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Media Circus

While Rome Burns

By Tom Chalkley | Posted 11/15/2000

My two cents on Topic A: I suspect we've witnessed the first of many ultratight elections. Technology permits ever-closer calibration of voter sentiments, ever-finer analysis of the electorate, ever-narrower projections. It allows campaigns to microcast microadjusted messages to micromarkets. Thus candidates can parry each other, demographic by demographic, stacking up voting blocs like so many checkers. Eliminate such messy intangibles as principles, ethics, and personality, and voila! The Permanent Gridlock State, a two-party system locked into absolute equilibrium. Or not. The next election could be a landslide.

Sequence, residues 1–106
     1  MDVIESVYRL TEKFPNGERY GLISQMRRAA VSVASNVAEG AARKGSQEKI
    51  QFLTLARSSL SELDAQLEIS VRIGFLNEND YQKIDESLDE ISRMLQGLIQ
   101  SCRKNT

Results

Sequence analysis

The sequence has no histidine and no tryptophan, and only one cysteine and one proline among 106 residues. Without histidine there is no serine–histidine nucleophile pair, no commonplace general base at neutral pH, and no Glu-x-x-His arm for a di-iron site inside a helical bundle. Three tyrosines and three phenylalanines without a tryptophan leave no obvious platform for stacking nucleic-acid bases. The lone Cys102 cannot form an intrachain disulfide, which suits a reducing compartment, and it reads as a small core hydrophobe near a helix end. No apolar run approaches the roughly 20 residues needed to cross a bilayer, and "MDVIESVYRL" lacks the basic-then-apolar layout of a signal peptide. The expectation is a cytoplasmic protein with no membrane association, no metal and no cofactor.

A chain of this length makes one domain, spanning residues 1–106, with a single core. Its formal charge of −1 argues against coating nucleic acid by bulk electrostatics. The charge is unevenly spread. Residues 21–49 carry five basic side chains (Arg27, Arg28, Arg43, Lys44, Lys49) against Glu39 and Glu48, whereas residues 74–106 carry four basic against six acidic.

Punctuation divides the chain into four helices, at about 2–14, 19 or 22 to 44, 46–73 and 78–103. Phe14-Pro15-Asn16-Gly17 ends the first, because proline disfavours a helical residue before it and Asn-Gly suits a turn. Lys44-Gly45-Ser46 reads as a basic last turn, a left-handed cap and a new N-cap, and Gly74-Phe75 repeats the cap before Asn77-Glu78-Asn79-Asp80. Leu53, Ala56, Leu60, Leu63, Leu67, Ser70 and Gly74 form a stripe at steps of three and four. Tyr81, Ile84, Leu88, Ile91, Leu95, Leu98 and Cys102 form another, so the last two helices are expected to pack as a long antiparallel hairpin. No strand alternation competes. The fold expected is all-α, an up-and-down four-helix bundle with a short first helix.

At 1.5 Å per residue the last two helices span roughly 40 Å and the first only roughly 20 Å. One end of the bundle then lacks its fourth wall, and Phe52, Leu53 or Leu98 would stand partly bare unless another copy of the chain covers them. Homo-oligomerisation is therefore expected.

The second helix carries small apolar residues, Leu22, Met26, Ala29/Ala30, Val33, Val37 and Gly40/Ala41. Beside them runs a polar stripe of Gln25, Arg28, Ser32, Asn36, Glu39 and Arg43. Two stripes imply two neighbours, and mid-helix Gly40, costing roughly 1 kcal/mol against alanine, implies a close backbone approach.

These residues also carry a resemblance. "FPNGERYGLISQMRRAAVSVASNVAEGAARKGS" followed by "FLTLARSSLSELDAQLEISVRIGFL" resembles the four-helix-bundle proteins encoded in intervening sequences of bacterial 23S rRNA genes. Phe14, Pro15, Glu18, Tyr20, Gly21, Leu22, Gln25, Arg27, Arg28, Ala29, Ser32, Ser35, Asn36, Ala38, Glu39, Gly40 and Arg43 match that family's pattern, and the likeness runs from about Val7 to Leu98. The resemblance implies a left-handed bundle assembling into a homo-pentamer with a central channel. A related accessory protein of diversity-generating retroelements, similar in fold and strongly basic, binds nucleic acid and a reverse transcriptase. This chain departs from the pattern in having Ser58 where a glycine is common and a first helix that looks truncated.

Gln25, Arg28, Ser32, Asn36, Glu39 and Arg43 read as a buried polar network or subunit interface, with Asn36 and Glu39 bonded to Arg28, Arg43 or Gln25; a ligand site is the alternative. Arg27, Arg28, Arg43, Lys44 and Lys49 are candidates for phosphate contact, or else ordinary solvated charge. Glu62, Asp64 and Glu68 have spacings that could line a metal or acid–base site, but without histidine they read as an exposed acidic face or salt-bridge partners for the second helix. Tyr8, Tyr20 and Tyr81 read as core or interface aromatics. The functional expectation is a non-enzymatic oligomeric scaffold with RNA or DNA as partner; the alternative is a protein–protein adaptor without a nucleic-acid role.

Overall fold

If I had a national political column, I'd have taken this 2-cent idea, tricked it up to 1,500 words, and taken my piece of post-election pie. Wonder why all the pundits seem so cheerful about this calamitous election? For them, it's a bonanza. For me, it's back to the minors.Good Times...